So long as drugs cannot be re-imported from poorer markets. And so long as those international price differences do not generate intolerable political pressure within the richer market.

America’s Centers for Medicare and Medicaid Services currently bargains with pharmaceutical companies over prices for ten products. President Biden proposed extending that Pharmac-style bargaining to a much broader set of medications. Ho and Pakes, again on simple calculations, expect a fall in pharmaceutical company revenue of about 16% if that were to happen, and almost a 20% decrease in net profits.

Current patients in America would benefit greatly, but pharmaceutical companies’ expenditures on R&D would drop – with longer term costs.

They also note the European proposal to follow a more Pharmac-style approach. While the European proposal has provisions aiming at encouraging R&D, Ho and Pakes warn that “without a lessening of the international price disparities the political pressure on the U.S. government to decrease pharmaceutical prices is unlikely to abate, with potentially serious consequences for pharmaceutical innovation.”

Ho and Pakes estimate what would happen if every country with per capita GDP of at least $50,000 paid the same amount for each drug. New Zealand is included in that set of 21 countries. Brand-name drugs in America would be about half as expensive as they are now. Prices in New Zealand would rise by 75%.

And so we come to the Kantian problem.

Pharmac has been and continues to be great value for Kiwis. The government drug-buying agency can drive sharp bargains through sole-source contracts where different pharmaceutical companies compete to deliver drugs with similar effects. It’s one reason that Kiwis spend less on medicines.

But if everyone had a Pharmac, the outcome would not be good for innovation. New Zealand largely free-rides on American investments in research and development.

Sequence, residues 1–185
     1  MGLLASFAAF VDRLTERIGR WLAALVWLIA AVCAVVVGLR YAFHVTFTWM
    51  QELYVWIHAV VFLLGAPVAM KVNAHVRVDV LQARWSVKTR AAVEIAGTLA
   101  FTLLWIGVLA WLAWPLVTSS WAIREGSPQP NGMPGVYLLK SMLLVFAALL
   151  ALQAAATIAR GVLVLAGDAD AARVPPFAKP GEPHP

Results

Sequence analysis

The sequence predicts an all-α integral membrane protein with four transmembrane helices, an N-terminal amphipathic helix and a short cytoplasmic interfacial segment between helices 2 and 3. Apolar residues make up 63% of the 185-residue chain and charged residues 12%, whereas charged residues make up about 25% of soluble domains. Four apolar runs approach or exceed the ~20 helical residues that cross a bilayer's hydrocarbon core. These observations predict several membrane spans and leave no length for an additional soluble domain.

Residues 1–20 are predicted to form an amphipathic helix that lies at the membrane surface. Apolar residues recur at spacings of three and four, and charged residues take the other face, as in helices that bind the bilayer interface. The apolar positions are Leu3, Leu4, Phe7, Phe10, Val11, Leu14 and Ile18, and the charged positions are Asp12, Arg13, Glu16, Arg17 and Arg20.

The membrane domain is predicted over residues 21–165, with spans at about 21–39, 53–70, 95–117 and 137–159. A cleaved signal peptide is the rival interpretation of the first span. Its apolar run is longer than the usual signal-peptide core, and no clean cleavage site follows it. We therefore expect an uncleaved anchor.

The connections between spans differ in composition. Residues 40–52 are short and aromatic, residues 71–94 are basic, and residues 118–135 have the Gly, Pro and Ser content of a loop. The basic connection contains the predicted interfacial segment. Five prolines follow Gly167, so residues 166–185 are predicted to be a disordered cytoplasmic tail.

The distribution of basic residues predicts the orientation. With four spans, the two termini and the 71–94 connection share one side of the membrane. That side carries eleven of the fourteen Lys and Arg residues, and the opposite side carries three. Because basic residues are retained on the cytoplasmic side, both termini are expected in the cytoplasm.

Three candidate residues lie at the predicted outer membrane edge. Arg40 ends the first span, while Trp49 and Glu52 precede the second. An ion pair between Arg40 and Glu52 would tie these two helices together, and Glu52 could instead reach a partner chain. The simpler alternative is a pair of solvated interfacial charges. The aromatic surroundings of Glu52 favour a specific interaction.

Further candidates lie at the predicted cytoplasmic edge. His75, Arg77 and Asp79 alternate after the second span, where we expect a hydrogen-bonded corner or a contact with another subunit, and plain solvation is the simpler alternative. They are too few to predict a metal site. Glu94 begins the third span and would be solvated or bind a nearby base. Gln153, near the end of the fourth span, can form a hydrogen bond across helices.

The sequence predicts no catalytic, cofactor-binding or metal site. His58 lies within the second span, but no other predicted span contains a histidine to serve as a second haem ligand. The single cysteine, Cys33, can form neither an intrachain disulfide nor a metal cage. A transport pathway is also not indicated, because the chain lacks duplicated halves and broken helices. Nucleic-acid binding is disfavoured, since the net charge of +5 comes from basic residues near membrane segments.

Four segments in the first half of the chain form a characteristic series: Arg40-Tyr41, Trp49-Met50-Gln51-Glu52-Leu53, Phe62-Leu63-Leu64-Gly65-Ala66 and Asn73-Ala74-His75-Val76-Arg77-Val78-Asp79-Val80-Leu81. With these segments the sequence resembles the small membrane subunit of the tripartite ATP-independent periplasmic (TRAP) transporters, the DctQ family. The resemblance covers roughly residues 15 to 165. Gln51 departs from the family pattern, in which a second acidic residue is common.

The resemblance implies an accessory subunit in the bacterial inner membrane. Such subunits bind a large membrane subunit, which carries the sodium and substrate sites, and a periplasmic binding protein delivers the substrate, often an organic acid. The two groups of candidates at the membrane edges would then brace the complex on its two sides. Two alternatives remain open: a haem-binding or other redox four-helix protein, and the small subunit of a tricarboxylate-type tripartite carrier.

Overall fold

As more places adopt models that look like Pharmac’s, international price discrepancies become more difficult for Americans to tolerate. Pressure to allow drug re-importation from Canada, or to extend Medicare bargaining to more drugs, strengthens.

That pressure is understandable where American consumers disproportionately fund the pharmaceutical research powering global pharmaceutical innovation. But the result will not be good over the longer term, unless the continued artificial intelligence revolution pushes R&D costs down even more quickly.

Ho and Pakes’s figures are rough and ready. But it is rather obvious that Americans contribute disproportionately toward the pharmaceutical innovation from which we all benefit, and that Americans’ tolerance for subsidising the rest of the world is on the wane.

Pharmac faces a lot of challenges, including increased political interference in what should be arms-length drug-buying decisions. Over the longer term, other countries following Pharmac-style approaches risks eroding pharmaceutical innovation, or American policy responses that make it harder for countries like New Zealand to secure lower prices.

It may be worth thinking about what a Kantian Pharmac would look like.


To read the full article on the Newsroom website, click here.